"Feelings of interest towards this religion"

The Court drew on an "expert analysis" of the confiscated literature prepared by the government's Religious Affairs Committee. This admitted that the items contained no "public calls to unconstitutional change of the existing state structure, the seizure of power or the removal from power of the legally elected or appointed official representatives", nor did they "contain ideas of religious extremism, separatism and fundamentalism".

The "expert analysis" noted that reading these books "might give rise in the individual to feelings of interest towards this religion". It stressed that Kazakh-language calendars and a leaflet "The price of your soul" "could be used for missionary activity" and were therefore "banned for import or storage on the territory of the Republic".

So-called "expert analyses" are routinely used to justify confiscations and prosecutions relating to books and other literature (see eg. F18News 20 May 2009 http://www.forum18.org/Archive.php?article_id=1298).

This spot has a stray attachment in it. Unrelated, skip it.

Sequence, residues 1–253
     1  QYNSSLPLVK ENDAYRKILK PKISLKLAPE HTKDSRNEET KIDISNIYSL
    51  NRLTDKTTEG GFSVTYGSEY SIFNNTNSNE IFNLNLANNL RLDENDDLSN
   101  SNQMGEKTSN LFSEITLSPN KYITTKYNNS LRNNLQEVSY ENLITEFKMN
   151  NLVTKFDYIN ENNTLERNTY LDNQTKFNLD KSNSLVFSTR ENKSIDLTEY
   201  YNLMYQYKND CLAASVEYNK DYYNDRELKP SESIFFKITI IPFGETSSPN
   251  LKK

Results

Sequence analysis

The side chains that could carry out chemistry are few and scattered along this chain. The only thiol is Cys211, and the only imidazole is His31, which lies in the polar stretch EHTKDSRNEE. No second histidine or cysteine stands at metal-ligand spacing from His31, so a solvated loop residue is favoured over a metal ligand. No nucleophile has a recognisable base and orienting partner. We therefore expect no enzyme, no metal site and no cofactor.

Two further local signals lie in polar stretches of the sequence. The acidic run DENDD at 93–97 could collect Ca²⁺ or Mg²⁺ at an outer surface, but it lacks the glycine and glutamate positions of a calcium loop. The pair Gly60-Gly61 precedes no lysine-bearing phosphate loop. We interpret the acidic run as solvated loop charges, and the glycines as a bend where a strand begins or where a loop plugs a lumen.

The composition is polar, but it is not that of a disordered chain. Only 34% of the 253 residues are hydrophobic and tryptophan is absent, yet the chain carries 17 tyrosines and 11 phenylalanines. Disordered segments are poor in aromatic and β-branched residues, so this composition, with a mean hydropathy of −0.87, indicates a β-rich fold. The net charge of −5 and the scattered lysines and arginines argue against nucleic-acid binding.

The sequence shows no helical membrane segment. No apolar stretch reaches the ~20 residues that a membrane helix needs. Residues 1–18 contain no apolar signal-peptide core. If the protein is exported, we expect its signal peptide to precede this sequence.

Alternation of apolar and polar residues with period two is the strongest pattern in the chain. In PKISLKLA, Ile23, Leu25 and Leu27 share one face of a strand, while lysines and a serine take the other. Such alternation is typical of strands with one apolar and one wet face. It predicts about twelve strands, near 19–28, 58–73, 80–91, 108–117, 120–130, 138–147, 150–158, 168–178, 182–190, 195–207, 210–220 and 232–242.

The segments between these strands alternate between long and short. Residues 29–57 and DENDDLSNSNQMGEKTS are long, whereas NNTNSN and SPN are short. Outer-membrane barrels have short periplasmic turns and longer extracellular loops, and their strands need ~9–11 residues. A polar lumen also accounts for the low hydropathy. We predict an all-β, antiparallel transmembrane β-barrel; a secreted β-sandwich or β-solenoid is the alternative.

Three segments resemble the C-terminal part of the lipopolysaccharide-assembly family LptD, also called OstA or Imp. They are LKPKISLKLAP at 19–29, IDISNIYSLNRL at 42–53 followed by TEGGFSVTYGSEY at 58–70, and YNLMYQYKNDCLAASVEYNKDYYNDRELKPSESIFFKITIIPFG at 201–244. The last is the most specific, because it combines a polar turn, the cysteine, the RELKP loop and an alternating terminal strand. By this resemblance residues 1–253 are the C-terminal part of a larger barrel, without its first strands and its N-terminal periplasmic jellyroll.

No one at the Religious Affairs Committee in Tashkent was prepared to comment on why it had given an assessment that Andreychenko's Christian books should be banned, as they might spark interest in a faith. Officials at the Committee's "Expertise Department" – which conducts analyses of religious literature – told Forum 18 each time it rang on 9 and 10 July that Department head Sobitjon Sharipov had already left for the day, was at lunch or does not exist. They said no one else could answer Forum 18's questions.

Gazalkent raid and fines

On 9 June, nine officers from Bostanlyk District Police raided a Baptist church Sunday morning meeting as it was concluding in a private home in Gazalkent in Tashkent Region, Protestants complained to Forum 18. The church meets in the home of 83-year-old church member Lidiya Maksimenko. Officers did not confiscate any religious literature.

Nine church members – including Maksimenko - were detained and taken to the District police station. There they were threatened with beatings and a fabricated case against them. Three church members wrote statements under pressure, but the rest refused.

At a three-minute hearing which began at 9.30 pm on 11 June, Judge Ikrom Obidov of Bostanlyk District Criminal Court found the 65-year-old Nikolai Savorovsky guilty of violating the Administrative Code's articles 201, Part 2 and 202, Part 1. He fined him 80 times the minimum monthly salary, or 6,367,200 Soms (18,500 Norwegian Kroner, 2,300 Euros or 3,000 US Dollars), according to the verdict seen by Forum 18.

Article 201, Part 2 bans: "Violation of the procedure for holding religious meetings, street processions, or other religious ceremonies". This is punishable with a fine of between 60 and 80 times the minimum monthly salary, or being jailed for up to 15 days;